In the last ten years there have been two clear trends in competition law as it applies to all parts of aviation: there has been more of it; and aviation has been slow to realise it. The wake up call should have been the steady dismantling of the IATA competition immunities, under which not only the IATA Conferences that agree tariffs but also interairline services and the relationship with agents, have had, and now are about to lose, definitively anti-trust immunities. It has happened slowly, so perhaps people did not notice. There has also been a steady growth in the number of competition law agencies around the world.
For many years, on the strength of the unique position IATA enjoyed, aviation generally (not just airlines, but airports, maintenance providers and others) have not given this fundamental part of modern law the attention that it perhaps deserves. Those days are over.
Part of the problem has been the difficulty (common to all service industries) of proving the price of a seat, or a passenger to be boarded, so that it is then possible to assess whether such a price is predatory, or the behaviour is otherwise anti-competitive. These issues are hard, but not insurmountable. Nor are they exclusive to the aviation industry – all service industries have had to face this point. But as all parts of the aviation industry now mature, normal market assessment can be brought to bear – if only the members of the airline industry realise it.
There are three current examples: in the maintenance area, the OEMs (original equipment manufacturers) are now entering into ‘airframe by the hour’ arrangements similar to the arrangements engine manufacturers have in place, while at the same time airlines are starting to push for a more widespread use of certified spare parts not manufactured by the OEM; in the air traffic control area, whilst the Air Navigation Service Providers (ANSPs) are debating how far and how fast to privatise, some ANSPs are starting to enter into commercial arrangements. For example, some are starting to sell the data that chart makers have relied on. Some are even now starting to also sell not the data but value added services; and in the airport sector, debate continues on a new EU Directive that aims to regulate airports that behave in an anti-competitive manner.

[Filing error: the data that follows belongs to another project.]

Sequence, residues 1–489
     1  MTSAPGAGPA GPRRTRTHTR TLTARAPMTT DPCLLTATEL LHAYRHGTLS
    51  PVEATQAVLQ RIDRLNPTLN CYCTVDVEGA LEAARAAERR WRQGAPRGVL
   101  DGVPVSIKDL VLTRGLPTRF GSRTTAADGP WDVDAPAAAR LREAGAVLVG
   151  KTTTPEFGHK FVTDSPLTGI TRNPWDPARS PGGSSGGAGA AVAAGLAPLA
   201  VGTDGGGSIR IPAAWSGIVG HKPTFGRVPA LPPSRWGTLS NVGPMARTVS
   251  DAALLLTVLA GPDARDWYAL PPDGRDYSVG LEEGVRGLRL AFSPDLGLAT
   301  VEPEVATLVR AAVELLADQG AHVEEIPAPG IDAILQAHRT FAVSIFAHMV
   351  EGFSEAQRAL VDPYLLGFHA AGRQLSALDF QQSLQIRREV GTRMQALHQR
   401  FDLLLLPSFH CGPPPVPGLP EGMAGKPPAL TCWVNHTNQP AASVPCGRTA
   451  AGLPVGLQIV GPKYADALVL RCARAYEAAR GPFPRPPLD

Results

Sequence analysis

In all three cases above, there are incumbents with a substantial degree of market power – itself the first alarm bell that should be ringing for them. For those looking to compete with such big players, and to present competitive options, it will well reward a review of competition theory and practice. For incumbents in the industry, there is now a need to keep not just an eye on the competition, but the competition authorities as well, For new entrants, there is a marriage of convenience between themselves and the regulators – at least for the moment.
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